Defenseman Robert Picard, the man contractually guaranteed to be a Washington Capital forever, smashed his stick and stormed out of Fort Dupont in a rage yesterday after being ordered off the ice by coach Tom McVie. Barring a sudden change in attitude, Picard seems likely to become a Hershey Bear in the near future.
Picard obviously was floating through skating drills, despite encouragement from McVie. Then, during an exercise in passing the puck from the defensive zone, Picard slapped it far harder than prescribed, causing what would have been icing under game conditions.
McVie curtly told Picard to leave. The youngster broke his stick over the glass, threw the remains into the stands, stormed off the ice and was dressed and gone in seven minutes.
Picard's play has left much to be desired, but he has remained with the Capitals so that McVie can teach him the fine art of defense, in which he received minimal tutelage as an offensive-minded junior. However, McVie's remarks, after he was asked about the incident, indicated that school may soon be out.
"The last thing I want to do is criticize a guy in the newspaper," McVie said, "but you saw it. I'm not upset with him. I can only show him what to ently he doesn't want to learn. There are too many other guys out here who are willing to learn.
"I had a half-hour talk with Robert this morning on what he has to do to make him a better defenseman. I told him what I saw on films, what I saw with my eyes and what (general manager) Max (McNab) saw. The biggest item is skating, doing things while in motion, not standing.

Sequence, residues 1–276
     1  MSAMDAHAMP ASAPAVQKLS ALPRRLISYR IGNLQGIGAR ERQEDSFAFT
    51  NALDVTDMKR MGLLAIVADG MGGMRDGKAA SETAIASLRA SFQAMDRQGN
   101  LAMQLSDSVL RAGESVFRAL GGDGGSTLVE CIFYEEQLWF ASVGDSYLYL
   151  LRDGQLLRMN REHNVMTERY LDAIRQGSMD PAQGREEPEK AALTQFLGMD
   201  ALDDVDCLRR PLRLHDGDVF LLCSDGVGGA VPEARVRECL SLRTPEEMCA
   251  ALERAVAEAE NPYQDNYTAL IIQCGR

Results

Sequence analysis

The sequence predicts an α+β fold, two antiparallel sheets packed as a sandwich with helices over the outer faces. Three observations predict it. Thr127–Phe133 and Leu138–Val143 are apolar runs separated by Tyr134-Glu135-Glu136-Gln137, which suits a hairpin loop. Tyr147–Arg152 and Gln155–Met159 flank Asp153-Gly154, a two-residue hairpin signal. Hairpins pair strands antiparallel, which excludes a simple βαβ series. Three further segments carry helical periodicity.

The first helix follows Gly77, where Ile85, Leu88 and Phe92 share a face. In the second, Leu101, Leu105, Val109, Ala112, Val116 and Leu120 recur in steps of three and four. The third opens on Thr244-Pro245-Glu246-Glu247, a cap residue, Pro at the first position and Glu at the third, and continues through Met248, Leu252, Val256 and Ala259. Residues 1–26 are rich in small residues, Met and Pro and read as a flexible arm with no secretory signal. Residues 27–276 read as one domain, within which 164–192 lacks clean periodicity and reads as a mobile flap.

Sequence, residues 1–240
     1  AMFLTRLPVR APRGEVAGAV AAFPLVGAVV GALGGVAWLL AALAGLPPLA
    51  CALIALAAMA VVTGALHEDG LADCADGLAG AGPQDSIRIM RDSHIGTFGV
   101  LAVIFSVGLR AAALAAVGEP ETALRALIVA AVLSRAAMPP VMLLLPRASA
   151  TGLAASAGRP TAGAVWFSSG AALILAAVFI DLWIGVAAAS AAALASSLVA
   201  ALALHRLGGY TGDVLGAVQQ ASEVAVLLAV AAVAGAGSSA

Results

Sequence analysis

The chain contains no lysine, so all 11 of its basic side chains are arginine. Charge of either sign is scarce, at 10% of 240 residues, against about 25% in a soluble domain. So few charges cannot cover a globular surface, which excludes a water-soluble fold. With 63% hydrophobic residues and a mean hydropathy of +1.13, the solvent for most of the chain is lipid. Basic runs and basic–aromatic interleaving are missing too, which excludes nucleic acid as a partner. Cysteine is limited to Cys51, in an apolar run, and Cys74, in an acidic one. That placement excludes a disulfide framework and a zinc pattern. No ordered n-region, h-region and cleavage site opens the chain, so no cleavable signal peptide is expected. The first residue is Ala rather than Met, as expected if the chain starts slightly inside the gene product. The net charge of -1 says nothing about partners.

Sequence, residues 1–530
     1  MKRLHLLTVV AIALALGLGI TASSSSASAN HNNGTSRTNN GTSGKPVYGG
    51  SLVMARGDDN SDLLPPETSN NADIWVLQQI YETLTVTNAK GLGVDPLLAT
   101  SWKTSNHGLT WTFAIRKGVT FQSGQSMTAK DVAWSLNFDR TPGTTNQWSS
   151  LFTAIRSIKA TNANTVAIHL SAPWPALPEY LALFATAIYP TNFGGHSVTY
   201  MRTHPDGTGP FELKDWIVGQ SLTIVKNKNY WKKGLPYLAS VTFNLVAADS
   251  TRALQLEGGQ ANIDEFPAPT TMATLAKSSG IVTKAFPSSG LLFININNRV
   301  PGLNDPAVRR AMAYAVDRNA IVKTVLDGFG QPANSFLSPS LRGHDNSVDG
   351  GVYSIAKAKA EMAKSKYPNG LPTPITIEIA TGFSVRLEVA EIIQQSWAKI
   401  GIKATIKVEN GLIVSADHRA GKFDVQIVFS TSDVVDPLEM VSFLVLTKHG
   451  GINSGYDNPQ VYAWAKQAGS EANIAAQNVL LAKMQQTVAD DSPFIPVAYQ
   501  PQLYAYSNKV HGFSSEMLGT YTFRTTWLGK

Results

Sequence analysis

"I've worked harder with Robert than with a lot of young fellows, but a lot have come along better. look at the progress Greenie (defenseman Rick Greer) has made by listening. You can't learn anything talking."
It was a distressing day for rookies from Quebec. Right wing Eddy Godin, who speaks no English, lost his way in Southeast Washington and was unable to locate Fort Dupont. Godin had attended previous practices with teammates, but retrieved his car from Hershey over the weekend and started yesterday's trek on his own.
Fortunately for Godin's wallet, McVie in an unusual move had offered his troops a day off if they felt fatigued. Bob Sirois, Guy Charron, Dave Forbes, Bryan Watson and Bill Collins were also absent as the team prepared for tonight's 7:30 Capital Centre visit by the Vancouver Canucks.
Aside from the workout option and more physical exertion than usual himself ("to work off my frustration), McVie did not alter his normal preparations. He admists he has no radical soluton for the Capital's 19-game winless streak.